Woolworth Building in New York in 1911-1913. The Woolworth Building was the tallest skyscraper in the world in 1913. It is a 60-storey building with terra-cotta clotting and steel frames. The neo-Gothic ornament is a unique feature that transforms the sky. Pride and personal satisfaction were a key motivator of the construction, as the owner wanted the building to be the tallest.

Seagram Building in New York. The Seagram Building is a magnificent structure with glass and bronze exteriors. Steel anchors the major framework. The external appearance is appealing; it is finest aesthetically and has an excellent corporate image. The interior is decorated with travertine, marble, and bronze to match the exterior artwork.

Private Architectural Designs and Art

Most of the architects of the 20th century participated in the construction of commercial skyscrapers and buildings. However, it is notable that some developed designs of private homes that include the Fallingwater (1937) and Vanna Venturi House (1961-64). The two buildings were designed with different aims. Frank Lloyd Wright designed the Fallingwater for his clients, the Kaufmann family, who wanted a place where they could spend time during vacation. They wanted the place to be beautiful and free from noise and pollution. The waterfall seemed to be a perfect place to erect the building, hence, the name ‘Fallingwater.’ Kaufmann Jr. believed that human life ought to be part of nature and architectural designs had to conform to his notion. The Fallingwater has no walls facing the falls and there is a single central stone core for fire, which contributes to a magnificent view. The ferroconcrete was used for cantilevers, which enabled long suspended balconies. The whole design matches the environment.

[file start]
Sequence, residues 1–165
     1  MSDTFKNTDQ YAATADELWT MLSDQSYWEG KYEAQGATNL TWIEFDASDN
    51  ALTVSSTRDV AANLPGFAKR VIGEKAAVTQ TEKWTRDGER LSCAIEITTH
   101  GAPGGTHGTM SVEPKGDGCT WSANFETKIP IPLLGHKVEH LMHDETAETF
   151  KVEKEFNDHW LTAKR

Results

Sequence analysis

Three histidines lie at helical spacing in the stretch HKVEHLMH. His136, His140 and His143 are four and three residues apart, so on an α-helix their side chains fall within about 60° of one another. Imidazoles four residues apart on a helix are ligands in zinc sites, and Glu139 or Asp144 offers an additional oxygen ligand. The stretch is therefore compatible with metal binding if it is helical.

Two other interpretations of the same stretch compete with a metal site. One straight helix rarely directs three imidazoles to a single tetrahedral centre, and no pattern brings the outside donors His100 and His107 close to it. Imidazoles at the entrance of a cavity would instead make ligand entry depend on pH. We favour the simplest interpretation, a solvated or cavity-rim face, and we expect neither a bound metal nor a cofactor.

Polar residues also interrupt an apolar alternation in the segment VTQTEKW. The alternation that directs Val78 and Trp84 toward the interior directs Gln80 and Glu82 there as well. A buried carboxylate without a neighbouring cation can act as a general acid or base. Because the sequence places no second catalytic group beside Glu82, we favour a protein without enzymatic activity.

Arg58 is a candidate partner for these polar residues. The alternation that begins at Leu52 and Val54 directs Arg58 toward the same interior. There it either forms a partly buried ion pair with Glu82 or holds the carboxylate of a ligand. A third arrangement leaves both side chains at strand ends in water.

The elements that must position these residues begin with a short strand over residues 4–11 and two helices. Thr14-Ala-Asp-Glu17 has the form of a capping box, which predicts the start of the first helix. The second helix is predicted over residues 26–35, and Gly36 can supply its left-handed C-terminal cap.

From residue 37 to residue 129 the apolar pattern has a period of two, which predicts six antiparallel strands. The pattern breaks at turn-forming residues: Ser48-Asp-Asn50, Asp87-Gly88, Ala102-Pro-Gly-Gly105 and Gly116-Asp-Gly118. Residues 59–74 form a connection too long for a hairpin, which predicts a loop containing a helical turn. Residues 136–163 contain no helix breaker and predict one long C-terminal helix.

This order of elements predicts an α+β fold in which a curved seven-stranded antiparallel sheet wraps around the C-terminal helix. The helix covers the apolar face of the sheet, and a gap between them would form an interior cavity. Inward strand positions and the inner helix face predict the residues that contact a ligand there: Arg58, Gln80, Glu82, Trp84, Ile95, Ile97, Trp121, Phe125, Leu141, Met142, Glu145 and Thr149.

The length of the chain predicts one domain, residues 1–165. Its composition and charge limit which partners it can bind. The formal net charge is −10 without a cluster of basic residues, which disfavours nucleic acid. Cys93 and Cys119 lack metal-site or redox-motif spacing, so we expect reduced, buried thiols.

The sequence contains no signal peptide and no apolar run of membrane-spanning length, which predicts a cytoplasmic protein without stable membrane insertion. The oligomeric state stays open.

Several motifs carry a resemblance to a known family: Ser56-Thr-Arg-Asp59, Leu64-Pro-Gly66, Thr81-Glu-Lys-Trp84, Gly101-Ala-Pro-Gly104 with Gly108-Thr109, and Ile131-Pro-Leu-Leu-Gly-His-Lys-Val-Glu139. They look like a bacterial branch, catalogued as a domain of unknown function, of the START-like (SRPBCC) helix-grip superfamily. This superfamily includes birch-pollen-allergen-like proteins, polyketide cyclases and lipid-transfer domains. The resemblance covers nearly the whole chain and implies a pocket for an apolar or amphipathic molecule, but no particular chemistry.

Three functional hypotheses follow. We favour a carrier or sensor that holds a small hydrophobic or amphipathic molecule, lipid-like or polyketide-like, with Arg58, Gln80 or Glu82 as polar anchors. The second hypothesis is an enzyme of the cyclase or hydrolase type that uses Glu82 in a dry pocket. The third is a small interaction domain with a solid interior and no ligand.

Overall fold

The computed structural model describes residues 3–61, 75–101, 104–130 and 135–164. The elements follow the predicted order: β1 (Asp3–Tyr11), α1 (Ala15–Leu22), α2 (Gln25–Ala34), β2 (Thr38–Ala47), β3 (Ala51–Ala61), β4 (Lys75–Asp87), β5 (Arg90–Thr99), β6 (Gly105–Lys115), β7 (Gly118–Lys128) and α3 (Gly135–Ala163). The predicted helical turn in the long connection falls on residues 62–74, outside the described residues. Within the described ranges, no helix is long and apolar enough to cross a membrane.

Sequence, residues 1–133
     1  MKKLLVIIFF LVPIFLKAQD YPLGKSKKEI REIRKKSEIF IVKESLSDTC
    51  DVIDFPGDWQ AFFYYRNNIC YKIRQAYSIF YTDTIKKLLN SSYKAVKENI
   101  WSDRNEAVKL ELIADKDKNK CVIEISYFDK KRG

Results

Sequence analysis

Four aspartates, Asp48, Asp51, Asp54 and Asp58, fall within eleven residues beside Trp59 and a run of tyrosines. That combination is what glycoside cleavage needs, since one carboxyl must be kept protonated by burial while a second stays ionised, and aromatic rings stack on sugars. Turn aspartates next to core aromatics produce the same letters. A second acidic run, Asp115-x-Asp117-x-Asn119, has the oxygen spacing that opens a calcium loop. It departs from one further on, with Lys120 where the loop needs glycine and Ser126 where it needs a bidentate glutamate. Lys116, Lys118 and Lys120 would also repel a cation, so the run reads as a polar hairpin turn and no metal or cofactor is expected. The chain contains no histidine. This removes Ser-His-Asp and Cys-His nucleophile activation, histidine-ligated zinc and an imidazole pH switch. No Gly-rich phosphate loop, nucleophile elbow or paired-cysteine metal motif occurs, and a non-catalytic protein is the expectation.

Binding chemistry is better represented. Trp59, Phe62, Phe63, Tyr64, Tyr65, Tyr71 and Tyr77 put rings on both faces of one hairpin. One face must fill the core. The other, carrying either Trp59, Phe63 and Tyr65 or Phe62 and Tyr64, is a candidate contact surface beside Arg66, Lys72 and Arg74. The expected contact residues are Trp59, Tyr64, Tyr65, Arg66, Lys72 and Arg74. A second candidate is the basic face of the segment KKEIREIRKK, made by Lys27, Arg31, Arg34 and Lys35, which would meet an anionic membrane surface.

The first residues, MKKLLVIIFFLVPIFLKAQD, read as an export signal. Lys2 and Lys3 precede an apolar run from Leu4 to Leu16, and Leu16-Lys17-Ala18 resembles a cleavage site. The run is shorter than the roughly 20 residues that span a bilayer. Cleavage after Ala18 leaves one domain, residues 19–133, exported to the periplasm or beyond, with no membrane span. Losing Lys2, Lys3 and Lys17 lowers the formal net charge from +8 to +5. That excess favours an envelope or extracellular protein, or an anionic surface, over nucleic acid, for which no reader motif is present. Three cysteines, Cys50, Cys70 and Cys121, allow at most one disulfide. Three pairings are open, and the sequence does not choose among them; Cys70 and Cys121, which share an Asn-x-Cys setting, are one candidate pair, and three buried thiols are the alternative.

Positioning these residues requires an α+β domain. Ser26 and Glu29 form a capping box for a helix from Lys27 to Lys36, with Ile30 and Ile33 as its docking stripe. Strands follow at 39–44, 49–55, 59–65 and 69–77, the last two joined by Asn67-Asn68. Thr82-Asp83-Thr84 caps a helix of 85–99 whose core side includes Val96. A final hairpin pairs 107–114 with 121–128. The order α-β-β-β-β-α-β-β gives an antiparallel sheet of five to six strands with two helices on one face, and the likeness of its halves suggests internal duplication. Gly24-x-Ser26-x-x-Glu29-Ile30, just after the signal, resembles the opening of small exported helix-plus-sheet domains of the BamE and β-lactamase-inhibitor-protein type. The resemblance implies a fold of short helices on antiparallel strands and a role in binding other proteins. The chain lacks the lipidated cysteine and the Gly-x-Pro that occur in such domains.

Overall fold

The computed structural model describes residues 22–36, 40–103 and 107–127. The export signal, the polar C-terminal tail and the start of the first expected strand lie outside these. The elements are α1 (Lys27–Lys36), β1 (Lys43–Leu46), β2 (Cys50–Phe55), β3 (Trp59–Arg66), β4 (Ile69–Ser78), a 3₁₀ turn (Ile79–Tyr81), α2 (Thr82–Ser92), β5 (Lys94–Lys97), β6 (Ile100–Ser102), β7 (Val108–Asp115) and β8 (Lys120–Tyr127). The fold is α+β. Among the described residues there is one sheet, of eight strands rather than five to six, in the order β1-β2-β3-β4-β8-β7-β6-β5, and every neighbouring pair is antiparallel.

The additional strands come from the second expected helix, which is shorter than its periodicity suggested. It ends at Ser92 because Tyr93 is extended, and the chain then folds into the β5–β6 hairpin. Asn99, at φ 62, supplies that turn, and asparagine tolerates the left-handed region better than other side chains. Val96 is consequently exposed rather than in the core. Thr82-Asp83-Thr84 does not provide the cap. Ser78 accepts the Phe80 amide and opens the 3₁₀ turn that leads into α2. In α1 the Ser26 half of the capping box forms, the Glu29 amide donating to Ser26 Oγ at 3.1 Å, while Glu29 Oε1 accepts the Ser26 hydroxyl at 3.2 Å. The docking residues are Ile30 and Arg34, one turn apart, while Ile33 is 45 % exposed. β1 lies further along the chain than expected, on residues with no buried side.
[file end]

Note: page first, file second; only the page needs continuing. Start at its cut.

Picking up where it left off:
The Vanna Venturi House was constructed by Robert Venturi for his mother in 1964. It was devised in a manner that would fit preference of his aging mother. Most architectural elements of the Vanna Venturi House were not in harmony with standardized modernistic structures because the architect designed it as a reaction to the set architectural plans. The Vanna Venturi House is a postmodern building because it adopted renowned architectural elements that included gable roofing, horizontal ribbon windows, arch-framed entrance, and a façade; however, the functions of the arch roofing and arch-framed entrances did not serve the original purposes. Thus, Venturi was practicing his unique aesthetic design that went against the traditional known architectural elements.

Conclusion

The art espouses human experiences, emotions, love, beauty, aspirations, and pride. S, monuments, and architectural designs are interrelated with diverse concepts of human life. Public art acts as a community identity and humanizes the cities. The architectural plans are erected in a manner that captures the fine art that elicits human interactions.